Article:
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3-on-3: Be Ready for Any Type of Weather

by Jules Zane, Jules@usrowing.org | May 19, 2016
In 3-on-3, our experts will answer three questions and offer unique insights, which have helped them and others along the way. This month, we talk to Katelin Snyder (U.S. women’s eight coxswain and Rio hopeful), Cameron Kiosoglous (U.S. lightweight men’s four coach), and Margot Zalkind (USRowing safety committee chair) about how to deal with changing weather conditions and temperatures all season long.

In 3-on-3, our experts will answer three questions and offer unique insights, which have helped them and others along the way. This month, we talk to Katelin Snyder  (U.S. women’s eight coxswain and Rio hopeful), Cameron Kiosoglous (U.S. lightweight men’s four coach), and Margot Zalkind (USRowing safety committee chair) about how to deal with changing weather conditions and temperatures all season long.

jan16-3-on3-4

1) Early morning can start out chilly, but temperatures can rise quickly when the sun comes out. What’s your advice for dressing properly during these sessions?

Cam: “Everyone who knows me knows I hate the cold! What I have observed is that it is better to be warm out on the water and be able to take off layers than to be cold. Over-preparing is better than the alternative. I always suggest testing clothing before you get on the water, whether it is on a run, or on the erg, try it out first. Also, be smart and use your head. Wear something that covers your head, whether it is cold or sunny. I have to say that of course, because I have no hair.”

Margot: “Layers, layers, layers. Check weather conditions prior to practice and layer accordingly. Planning the clothing is the key. Choose a wicking layer as your base. I always like a windproof jacket over everything, one that I can remove easily (and put back on if wind kicks up). Put on sunblock before launching. A hat can help keep sun off your face if you are comfortable rowing with one.”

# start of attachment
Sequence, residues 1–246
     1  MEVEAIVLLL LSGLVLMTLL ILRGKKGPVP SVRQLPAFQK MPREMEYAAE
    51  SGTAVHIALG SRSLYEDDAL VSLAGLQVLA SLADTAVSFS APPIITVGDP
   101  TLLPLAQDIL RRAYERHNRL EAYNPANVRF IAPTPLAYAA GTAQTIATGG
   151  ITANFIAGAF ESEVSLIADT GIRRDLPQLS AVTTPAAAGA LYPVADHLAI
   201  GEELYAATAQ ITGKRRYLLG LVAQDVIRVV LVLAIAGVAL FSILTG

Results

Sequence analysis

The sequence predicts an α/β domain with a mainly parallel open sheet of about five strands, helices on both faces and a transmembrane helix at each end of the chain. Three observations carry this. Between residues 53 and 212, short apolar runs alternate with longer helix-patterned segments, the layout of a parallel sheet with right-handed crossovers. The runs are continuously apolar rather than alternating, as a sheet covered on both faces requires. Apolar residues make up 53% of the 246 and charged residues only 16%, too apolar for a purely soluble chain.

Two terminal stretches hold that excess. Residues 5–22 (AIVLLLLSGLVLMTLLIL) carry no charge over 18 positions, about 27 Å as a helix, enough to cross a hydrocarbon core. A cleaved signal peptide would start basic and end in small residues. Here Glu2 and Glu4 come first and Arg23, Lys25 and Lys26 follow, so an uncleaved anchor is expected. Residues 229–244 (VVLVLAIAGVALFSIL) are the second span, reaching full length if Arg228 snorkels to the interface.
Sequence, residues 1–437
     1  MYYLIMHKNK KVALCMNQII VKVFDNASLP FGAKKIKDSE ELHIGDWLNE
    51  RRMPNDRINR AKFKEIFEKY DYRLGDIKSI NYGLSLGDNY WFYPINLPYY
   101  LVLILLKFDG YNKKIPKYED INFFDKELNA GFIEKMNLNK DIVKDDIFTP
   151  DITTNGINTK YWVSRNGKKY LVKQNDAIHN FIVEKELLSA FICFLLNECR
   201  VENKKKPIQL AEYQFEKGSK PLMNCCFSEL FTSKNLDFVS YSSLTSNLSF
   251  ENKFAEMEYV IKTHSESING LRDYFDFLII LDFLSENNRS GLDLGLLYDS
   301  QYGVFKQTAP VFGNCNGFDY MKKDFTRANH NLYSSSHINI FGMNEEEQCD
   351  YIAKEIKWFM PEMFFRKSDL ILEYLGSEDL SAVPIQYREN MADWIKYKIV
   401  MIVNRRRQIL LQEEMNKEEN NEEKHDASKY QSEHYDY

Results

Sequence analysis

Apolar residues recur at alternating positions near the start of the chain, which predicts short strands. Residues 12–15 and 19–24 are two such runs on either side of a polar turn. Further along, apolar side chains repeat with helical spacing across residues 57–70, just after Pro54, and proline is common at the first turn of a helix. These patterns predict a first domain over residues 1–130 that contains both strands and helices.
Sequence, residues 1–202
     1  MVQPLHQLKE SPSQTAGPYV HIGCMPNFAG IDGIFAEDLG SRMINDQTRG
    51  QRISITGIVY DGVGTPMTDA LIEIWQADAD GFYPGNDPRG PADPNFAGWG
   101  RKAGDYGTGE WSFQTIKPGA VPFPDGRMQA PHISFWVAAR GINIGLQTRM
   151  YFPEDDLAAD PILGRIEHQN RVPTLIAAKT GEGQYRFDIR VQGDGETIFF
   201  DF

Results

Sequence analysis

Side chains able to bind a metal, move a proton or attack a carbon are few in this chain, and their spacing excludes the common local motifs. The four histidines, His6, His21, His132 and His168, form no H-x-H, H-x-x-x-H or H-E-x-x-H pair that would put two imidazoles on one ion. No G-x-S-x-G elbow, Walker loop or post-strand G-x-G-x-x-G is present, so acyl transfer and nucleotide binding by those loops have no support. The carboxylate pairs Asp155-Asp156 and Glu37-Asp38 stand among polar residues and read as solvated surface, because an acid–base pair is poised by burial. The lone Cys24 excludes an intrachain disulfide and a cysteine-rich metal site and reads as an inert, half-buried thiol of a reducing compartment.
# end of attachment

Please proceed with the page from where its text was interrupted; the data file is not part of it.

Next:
Katelin: “Layers! I layer up with a long sleeve base layer, definitely merino wool if it’s very cold or a synthetic fabric. I try and avoid cotton because it’s so uncomfortable (and freezing cold) when it gets wet. Next I put on a fleece or down layer, followed by a rain shell. I have been known to overdo it when it comes to bringing and wearing clothing in the boat, but I've been part of too many practices where the wind picks up, a storm comes in, or it just gets cloudy and cold. I would rather be comfortable and a little (or a lot) ridiculous-looking than be miserable and unprepared.” 

2) Hydration is crucial during all types of workouts, but especially during those warmest summer days. What’s your best tip for a very hot day on or off the water? 

Cam: “If you are thirsty, it is too late. Being aware is most of the battle with hydration, so staying on top of your hydration is critical. It is not like school exams. You can’t cram in your hydration. Some people carry around a bottle, which I think can be helpful. Pay attention to how often you urinate, as it is one way to figure out if you are hydrated or not. Start freezing your drinks, especially if you take out a second water bottle, so that by the time they need it on a hot day, it is still cold.”